In November, Californians are likely to face the question: Should sports betting be legalized?
And then, a little further down in their bulletin, there’s a good chance they’ll be asked again: Should sports betting be legalized?
Yes. Most likely, two measures to legalize sports betting will appear in the vote in November. This has been curtailed from earlier this year, when four different initiatives were in play.
Of the other two measures, one is already eligible to vote in November, and the other is expected soon.
This is what every initiative does
The California Sports Betting Regulation and the Gambling Act are backed by a group of Native American tribes and are currently eligible to vote. This will allow tribal casinos and the country’s four horse racing tracks to offer sports betting. This will also allow tribal casinos to expand their gambling offerings to roulette and dice.
Meanwhile, the California Homelessness and Mental Health Solutions Act has been backed by several major sports betting companies, including FanDuel, DraftKings and BetMGM. This will legalize online sports betting outside of Native American lands and allow gambling companies to offer online sports betting if they partner with a tribe. Election officials are reviewing the signatures for this initiative – if they are valid enough, they will also be eligible to vote.
Here’s what happens if they both pass
California sometimes ends up with newsletters that have multiple initiatives on the same topic.
If one passes and the other does not, then there is no problem: the one who passes enters into force, the others do not.
If they all pass and are not in conflict with each other, they can all come into force.
But if more than one reception and they are in conflict with each other, the one that is adopted with a higher difference than the votes “for” comes into force, and the other does not, according to the Constitution of California.
The initiative, backed by FanDduel, DraftKkings and BetMGM, says it does not contradict the measure, which allows sports betting in tribal lands, and that if both pass, both will take effect. The measure, supported by the tribes, says nothing about whether it contradicts other measures.
So if both initiatives pass – and the initiative, backed by FanDuel and DraftKings, passes by a higher margin – both measures are likely to take effect, said Ian Imrich, a Southern California attorney whose practice includes gaming law. . But if both pass, and the tribal measure passes by a higher margin, the tribal measure’s lawyers could argue in court that the two measures are in conflict to try to prevent the measure backed by FanDuel and DraftKings.
Duplicate other ballots
This is not the first time there has been more than one initiative on the same topic. In 2016, there were two initiatives related to the death penalty and two for plastic bags.
Lawmakers can also mediate deals between supporters of the initiative. In 2014, lawmakers passed a bill that allows supporters to remove their measures from the ballot closer to the election, giving them more time to potentially reach a deal. In April, for example, lawmakers negotiated a deal between patient groups, consumer lawyers and medical professionals, passing a law that increases the penalties for victims of medical abuse and preventing costly proactive battles.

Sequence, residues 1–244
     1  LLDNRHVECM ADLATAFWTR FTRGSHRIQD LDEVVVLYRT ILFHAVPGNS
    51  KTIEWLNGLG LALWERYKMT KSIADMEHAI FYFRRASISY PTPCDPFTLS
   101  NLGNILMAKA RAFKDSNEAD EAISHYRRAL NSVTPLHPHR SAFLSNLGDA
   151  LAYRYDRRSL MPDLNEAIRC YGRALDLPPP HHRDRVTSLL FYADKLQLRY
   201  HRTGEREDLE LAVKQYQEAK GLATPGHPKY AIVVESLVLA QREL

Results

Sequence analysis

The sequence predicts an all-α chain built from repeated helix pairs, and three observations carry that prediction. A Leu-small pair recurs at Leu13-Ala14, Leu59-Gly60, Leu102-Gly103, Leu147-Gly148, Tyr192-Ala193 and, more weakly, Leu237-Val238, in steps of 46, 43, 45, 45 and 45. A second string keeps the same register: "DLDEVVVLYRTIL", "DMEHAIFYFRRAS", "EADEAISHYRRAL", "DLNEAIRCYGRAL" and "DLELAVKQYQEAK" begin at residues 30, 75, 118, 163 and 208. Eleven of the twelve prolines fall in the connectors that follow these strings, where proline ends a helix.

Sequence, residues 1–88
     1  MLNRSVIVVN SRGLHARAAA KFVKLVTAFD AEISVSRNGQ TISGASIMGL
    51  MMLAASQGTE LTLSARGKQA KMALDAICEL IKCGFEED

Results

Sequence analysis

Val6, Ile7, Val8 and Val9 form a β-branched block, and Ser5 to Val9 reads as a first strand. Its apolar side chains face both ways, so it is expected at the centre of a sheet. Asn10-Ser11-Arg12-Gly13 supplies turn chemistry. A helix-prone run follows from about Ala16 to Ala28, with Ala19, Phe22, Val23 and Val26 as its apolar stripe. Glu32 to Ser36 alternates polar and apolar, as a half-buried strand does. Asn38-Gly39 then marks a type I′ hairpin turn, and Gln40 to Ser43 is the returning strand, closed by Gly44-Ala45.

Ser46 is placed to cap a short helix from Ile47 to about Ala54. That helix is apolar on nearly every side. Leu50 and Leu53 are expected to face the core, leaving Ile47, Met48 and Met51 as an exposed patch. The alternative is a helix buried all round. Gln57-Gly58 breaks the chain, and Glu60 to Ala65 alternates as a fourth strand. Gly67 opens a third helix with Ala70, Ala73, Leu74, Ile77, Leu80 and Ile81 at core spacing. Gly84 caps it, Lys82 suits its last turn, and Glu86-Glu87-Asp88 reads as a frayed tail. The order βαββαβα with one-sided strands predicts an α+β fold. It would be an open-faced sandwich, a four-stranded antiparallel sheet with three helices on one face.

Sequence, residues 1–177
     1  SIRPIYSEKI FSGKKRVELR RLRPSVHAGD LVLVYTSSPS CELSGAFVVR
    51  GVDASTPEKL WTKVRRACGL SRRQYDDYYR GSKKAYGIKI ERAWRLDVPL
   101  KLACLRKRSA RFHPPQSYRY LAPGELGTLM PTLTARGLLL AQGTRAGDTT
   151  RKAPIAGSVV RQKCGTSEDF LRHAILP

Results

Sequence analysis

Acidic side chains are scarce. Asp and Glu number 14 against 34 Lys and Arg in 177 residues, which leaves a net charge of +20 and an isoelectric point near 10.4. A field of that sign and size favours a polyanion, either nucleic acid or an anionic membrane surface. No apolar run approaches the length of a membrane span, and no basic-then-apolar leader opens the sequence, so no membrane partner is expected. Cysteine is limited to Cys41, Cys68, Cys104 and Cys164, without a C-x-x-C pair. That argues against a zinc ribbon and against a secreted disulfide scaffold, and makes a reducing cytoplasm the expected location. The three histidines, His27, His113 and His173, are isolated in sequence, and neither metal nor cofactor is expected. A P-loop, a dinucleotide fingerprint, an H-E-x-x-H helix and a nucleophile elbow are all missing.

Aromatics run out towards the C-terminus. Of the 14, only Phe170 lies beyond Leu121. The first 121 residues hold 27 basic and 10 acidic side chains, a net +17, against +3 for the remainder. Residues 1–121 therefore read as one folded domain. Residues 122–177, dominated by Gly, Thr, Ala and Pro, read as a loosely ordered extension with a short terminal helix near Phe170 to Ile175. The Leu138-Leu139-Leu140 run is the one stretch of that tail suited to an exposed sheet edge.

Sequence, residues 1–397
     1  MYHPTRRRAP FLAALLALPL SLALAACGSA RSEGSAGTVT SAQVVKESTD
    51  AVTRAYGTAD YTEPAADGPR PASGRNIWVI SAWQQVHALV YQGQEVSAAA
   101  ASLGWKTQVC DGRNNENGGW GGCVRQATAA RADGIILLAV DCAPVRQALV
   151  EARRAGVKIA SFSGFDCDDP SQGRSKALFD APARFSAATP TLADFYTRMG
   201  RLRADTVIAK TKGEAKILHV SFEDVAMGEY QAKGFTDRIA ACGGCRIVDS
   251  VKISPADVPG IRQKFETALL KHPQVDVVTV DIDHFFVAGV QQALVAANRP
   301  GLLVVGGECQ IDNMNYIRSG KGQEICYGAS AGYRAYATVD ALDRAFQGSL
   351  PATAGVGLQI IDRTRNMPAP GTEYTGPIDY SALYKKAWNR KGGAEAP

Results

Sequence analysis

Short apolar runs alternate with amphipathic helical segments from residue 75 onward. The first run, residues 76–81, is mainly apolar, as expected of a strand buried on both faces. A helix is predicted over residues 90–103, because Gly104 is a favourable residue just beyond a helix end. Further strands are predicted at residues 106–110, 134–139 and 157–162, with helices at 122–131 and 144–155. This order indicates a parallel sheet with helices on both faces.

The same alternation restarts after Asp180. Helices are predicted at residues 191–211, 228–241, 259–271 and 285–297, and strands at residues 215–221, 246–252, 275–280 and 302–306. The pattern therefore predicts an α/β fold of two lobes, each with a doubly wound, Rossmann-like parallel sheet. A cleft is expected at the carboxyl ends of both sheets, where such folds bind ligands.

In February, when four sports betting initiatives were included, state legislators Anthony Randon and Tony Atkins expressed interest in reaching a compromise on sports betting.
“I think it’s always confusing for voters when there are multiple ballots on the same point,” said Senate Sen. Tony Atkins, a Democrat from San Diego, at a Sacramento press club event. “If you want to see progress, it’s useful to make it simpler, so I think there may be an opportunity (to negotiate a deal),” Atkins said.
When CalMatters asked Atkins’ office if lawmakers were still considering a deal, a spokesman said they were still investigating it.
How Californians feel
The majority of Californians believe that the initiative process needs to be changed, according to a study conducted by the California Institute of Public Policy in April. More than 90% of Kaliorians agree to some extent or strongly that the wording of voting measures is often too confusing for voters to understand what happens if the initiative is approved, and 56% said that special interests control much of the process.
Most initiatives do not pass, and Marc Baldassare, president of the institute, said the likelihood of a measure being further reduced is reduced if voters are confused by it.
The fact that initiatives can be confusing for voters – and that the process can be further confused by more than one initiative on the same topic – is a “huge problem,” said Mary-Beth Moylan, associate dean of the University of Pacific McGeorge Law School. .
“People are reluctant to read things up close. And often what is included in the title of the bulletin can be misleading, “Moylan said. “So this is especially dangerous in a situation where you have multiple initiatives on the same or a similar topic.”